Tuesday, July 19, 2011

Sugar Makes Your Children Hyper?

Since I was a reckless, candy craving child myself, I would always hear my mother telling me no candy at a certain time or in certain situations. The certain time would be when she did not want to deal with my "sugar-induced hyperactivity" and the certain situation would be when she did not want to deal with my "sugar-induced hypractivity." This has been a rumor or myth that has circulated through many generations of families, and it very widespread and well known to the public. Candy is a very easy scapegoat for the blame of this myth because it is so loved by many children and without scientific tests seems to prove the myth true.

The facts are though that sugar in children produced no known affect of hyperactivity regardless of whether the child has ADHD or not. Some examples of pseudoscience are rather farfetched, but this one does not seem so in this case. This could be partial reasoning of why it is believed by so many people. Parents never think about how easily amused a child is when they believe this myth. Have you ever gave a child a dollar, a new toy, or perhaps something else which would give you no satisfaction whatsoever? The majority of times will send the child into this extremely happy state of mind which can be mistaken for hyperactivity. Also, what parents do not think about is their restriction of candy consumption for their children takes part in why the myth is so widely believed. When the child is restricted from eating candy for large periods of time, the special occasions in which he or she can makes them extremely happy and hyper. Scientists has done at least 12 double blind studies in which the children's hyperactivity was in now way caused by the sugar.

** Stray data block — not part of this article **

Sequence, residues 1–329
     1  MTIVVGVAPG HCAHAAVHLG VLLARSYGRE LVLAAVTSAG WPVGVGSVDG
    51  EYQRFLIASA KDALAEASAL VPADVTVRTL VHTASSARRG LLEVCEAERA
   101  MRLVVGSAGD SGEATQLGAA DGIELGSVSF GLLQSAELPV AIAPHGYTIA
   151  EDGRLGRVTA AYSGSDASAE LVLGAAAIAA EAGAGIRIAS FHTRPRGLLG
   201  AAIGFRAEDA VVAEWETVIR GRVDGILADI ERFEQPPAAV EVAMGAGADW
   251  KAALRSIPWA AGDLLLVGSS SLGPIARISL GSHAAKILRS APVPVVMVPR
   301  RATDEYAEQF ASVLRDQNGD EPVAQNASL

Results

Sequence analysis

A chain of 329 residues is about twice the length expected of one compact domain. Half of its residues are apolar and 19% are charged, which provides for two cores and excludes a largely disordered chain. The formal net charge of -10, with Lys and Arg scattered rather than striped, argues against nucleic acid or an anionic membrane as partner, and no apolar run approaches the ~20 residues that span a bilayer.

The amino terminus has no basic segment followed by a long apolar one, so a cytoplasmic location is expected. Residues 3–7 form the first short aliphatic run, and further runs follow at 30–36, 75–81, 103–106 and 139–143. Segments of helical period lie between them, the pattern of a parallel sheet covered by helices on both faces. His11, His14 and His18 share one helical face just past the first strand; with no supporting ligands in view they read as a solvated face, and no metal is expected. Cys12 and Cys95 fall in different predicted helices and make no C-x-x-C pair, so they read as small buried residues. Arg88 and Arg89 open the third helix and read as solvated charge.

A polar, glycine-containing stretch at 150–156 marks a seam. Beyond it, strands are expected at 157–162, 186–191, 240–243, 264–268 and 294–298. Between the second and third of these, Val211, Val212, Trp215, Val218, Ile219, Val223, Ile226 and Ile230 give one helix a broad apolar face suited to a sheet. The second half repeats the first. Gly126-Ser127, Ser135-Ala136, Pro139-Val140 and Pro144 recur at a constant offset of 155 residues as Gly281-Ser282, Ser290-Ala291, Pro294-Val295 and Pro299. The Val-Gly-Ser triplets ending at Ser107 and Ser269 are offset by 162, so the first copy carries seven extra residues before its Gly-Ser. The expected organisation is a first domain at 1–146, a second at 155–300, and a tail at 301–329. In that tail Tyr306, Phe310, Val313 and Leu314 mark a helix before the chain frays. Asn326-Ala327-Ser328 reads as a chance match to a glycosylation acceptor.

Further information can be found here: http://www.businessweek.com/careers/workingparents/blog/archives/2008/12/medical_journal_says_sugar_does_not_make_kids_hyper.html

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